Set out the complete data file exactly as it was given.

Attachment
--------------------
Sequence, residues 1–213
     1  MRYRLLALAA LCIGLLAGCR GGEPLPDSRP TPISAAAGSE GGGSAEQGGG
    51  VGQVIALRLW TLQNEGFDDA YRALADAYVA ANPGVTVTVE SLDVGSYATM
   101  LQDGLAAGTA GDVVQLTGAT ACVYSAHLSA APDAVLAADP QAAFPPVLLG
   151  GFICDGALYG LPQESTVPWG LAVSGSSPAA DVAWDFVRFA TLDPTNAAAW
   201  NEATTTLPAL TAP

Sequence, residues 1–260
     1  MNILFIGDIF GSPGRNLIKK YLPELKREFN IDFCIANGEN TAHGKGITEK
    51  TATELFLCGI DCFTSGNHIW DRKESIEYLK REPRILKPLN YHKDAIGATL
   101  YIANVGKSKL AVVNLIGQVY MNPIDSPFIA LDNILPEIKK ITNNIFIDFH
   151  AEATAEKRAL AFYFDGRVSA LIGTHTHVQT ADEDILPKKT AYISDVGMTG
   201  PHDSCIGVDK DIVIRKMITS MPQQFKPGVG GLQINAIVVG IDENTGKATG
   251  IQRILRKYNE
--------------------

Sequence, residues 1–213
     1  MRYRLLALAA LCIGLLAGCR GGEPLPDSRP TPISAAAGSE GGGSAEQGGG
    51  VGQVIALRLW TLQNEGFDDA YRALADAYVA ANPGVTVTVE SLDVGSYATM
   101  LQDGLAAGTA GDVVQLTGAT ACVYSAHLSA APDAVLAADP QAAFPPVLLG
   151  GFICDGALYG LPQESTVPWG LAVSGSSPAA DVAWDFVRFA TLDPTNAAAW
   201  NEATTTLPAL TAP

Sequence, residues 1–260
     1  MNILFIGDIF GSPGRNLIKK YLPELKREFN IDFCIANGEN TAHGKGITEK
    51  TATELFLCGI DCFTSGNHIW DRKESIEYLK REPRILKPLN YHKDAIGATL
   101  YIANVGKSKL AVVNLIGQVY MNPIDSPFIA LDNILPEIKK ITNNIFIDFH
   151  AEATAEKRAL AFYFDGRVSA LIGTHTHVQT ADEDILPKKT AYISDVGMTG
   201  PHDSCIGVDK DIVIRKMITS MPQQFKPGVG GLQINAIVVG IDENTGKATG
   251  IQRILRKYNE